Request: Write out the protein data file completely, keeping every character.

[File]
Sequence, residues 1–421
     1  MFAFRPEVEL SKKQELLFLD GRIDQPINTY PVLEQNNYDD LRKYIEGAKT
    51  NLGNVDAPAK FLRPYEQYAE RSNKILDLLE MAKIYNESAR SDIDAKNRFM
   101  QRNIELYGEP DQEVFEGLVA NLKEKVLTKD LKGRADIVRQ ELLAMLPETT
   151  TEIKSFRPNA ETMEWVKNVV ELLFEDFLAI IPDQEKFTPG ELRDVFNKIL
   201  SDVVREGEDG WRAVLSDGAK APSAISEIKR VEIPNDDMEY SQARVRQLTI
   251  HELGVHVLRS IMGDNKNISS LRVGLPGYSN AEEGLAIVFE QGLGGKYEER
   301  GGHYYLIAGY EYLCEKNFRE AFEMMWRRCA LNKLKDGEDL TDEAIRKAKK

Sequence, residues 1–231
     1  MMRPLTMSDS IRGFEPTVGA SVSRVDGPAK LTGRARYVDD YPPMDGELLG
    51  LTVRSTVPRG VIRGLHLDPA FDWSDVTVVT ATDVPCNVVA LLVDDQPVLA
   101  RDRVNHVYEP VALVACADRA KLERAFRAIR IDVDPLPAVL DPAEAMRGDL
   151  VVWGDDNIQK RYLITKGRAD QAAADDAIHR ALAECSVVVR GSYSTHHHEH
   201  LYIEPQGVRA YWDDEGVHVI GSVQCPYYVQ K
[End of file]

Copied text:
Sequence, residues 1–421
     1  MFAFRPEVEL SKKQELLFLD GRIDQPINTY PVLEQNNYDD LRKYIEGAKT
    51  NLGNVDAPAK FLRPYEQYAE RSNKILDLLE MAKIYNESAR SDIDAKNRFM
   101  QRNIELYGEP DQEVFEGLVA NLKEKVLTKD LKGRADIVRQ ELLAMLPETT
   151  TEIKSFRPNA ETMEWVKNVV ELLFEDFLAI IPDQEKFTPG ELRDVFNKIL
   201  SDVVREGEDG WRAVLSDGAK APSAISEIKR VEIPNDDMEY SQARVRQLTI
   251  HELGVHVLRS IMGDNKNISS LRVGLPGYSN AEEGLAIVFE QGLGGKYEER
   301  GGHYYLIAGY EYLCEKNFRE AFEMMWRRCA LNKLKDGEDL TDEAIRKAKK

Sequence, residues 1–231
     1  MMRPLTMSDS IRGFEPTVGA SVSRVDGPAK LTGRARYVDD YPPMDGELLG
    51  LTVRSTVPRG VIRGLHLDPA FDWSDVTVVT ATDVPCNVVA LLVDDQPVLA
   101  RDRVNHVYEP VALVACADRA KLERAFRAIR IDVDPLPAVL DPAEAMRGDL
   151  VVWGDDNIQK RYLITKGRAD QAAADDAIHR ALAECSVVVR GSYSTHHHEH
   201  LYIEPQGVRA YWDDEGVHVI GSVQCPYYVQ K